The Martin Luther King, Jr., Reflection Competition is a collaboration between Case Western Reserve University (CWRU) and Cuyahoga Community College (Tri-C) that asks students, staff, and faculty/administrators to reflect on Dr. King’s contributions to social justice, history, and Cleveland specifically. The 2017 MLK Reflection Competition seeks poetry, short stories, art, photography, music, and media as well as essays. Further information about the 2017 Competition guidelines and prompts can be found here.
Dr. King came to Cleveland several times throughout the 1960s and was scheduled to return just a few days before he was assassinated in 1968. While in Cleveland, he spoke at churches, high schools, and even street corners. His visit in 1967 in support of the mayoral run of Carl Stokes helped rally the vote, making Stokes the first African-American mayor of a major city in the US. Next year is the 50 year anniversary of that historical win. Dr. King’s connection to Cleveland goes even deeper, however. Before he was a national figure, Dr. King received the Anisfield-Wolf book award in 1959 for his book about the Montgomery Bus boycott, Stride Toward Freedom: The Montgomery Story. The Anisfield-Wolf book awards were started in 1935 by Cleveland philanthropist Edith Anisfield Wolf to honor the best books about fostering racial tolerance and understanding diversity. Now in their 81st year, the Anisfield-Wolf book awards, administered by the Cleveland Foundation, remain a vital Cleveland institution.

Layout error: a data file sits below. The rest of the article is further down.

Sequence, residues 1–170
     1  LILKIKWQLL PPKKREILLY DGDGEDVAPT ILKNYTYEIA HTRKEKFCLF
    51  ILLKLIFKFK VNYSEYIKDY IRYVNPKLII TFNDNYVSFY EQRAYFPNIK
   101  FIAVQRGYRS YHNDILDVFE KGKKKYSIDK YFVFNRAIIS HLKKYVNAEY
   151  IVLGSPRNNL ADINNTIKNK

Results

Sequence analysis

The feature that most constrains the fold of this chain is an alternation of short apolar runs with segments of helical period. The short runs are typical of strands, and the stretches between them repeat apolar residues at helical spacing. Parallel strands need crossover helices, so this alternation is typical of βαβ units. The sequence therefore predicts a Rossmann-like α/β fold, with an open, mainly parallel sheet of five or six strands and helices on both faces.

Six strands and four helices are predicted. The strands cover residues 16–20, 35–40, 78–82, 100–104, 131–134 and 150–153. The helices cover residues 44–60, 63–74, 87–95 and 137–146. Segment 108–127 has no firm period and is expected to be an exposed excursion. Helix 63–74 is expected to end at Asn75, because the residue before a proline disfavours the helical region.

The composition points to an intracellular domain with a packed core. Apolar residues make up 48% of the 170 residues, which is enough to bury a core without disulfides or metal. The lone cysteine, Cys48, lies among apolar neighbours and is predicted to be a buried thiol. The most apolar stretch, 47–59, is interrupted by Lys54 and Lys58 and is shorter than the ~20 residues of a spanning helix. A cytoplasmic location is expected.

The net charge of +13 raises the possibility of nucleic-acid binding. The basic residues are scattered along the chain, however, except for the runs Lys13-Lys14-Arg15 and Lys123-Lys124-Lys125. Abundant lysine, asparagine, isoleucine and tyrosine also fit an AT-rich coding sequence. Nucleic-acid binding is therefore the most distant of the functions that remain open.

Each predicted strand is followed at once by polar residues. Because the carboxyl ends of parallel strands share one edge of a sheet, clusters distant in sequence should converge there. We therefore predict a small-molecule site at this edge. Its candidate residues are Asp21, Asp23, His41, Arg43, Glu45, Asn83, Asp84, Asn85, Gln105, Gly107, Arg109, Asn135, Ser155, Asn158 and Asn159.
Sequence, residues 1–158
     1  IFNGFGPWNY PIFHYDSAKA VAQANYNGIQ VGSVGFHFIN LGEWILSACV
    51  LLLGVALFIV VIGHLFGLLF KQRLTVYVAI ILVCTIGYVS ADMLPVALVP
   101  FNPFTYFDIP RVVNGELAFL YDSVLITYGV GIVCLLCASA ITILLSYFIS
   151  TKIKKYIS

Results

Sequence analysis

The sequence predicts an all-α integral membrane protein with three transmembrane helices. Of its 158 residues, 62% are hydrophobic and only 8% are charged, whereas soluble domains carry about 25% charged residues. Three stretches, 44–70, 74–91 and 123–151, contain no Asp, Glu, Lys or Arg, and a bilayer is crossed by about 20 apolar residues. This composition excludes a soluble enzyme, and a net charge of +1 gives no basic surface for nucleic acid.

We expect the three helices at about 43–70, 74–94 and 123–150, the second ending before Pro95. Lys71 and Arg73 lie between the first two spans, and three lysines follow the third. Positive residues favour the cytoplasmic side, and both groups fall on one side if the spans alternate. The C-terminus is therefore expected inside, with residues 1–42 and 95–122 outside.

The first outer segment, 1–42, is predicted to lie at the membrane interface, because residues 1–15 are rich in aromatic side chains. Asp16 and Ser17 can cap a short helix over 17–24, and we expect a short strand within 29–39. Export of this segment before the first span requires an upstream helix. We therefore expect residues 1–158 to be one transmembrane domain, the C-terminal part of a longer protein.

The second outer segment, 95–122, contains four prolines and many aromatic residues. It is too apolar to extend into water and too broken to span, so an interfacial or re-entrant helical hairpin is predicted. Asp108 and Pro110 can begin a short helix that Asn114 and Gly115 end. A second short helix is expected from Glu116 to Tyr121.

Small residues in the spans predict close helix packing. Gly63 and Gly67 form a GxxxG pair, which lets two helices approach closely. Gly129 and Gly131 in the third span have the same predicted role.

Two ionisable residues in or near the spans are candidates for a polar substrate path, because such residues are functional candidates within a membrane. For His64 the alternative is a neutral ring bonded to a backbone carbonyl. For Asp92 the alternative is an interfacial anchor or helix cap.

This year, the prompts for the Martin Luther King, Jr. Reflection Competition focus on Dr. King’s connections to Cleveland, our continued battles for civil rights, and how to effect sustainable change in our communities. Despite positive change over the 50 years since his last visit, many of the issues related to racial/ethnic disparities in access to education, economic and professional advancement, and political agency continue to be fought in our city. Similar battles are also being waged in our community and nation to dismantle inequalities in the definition and perception of gender, sexuality, religion, dis/ability, neurodiversity, and every other area of human difference, in an effort to fully embrace the nuances of what it means to be human and the intersections we share within these zones of identity.
Cuyahoga Community College & Voices from the Village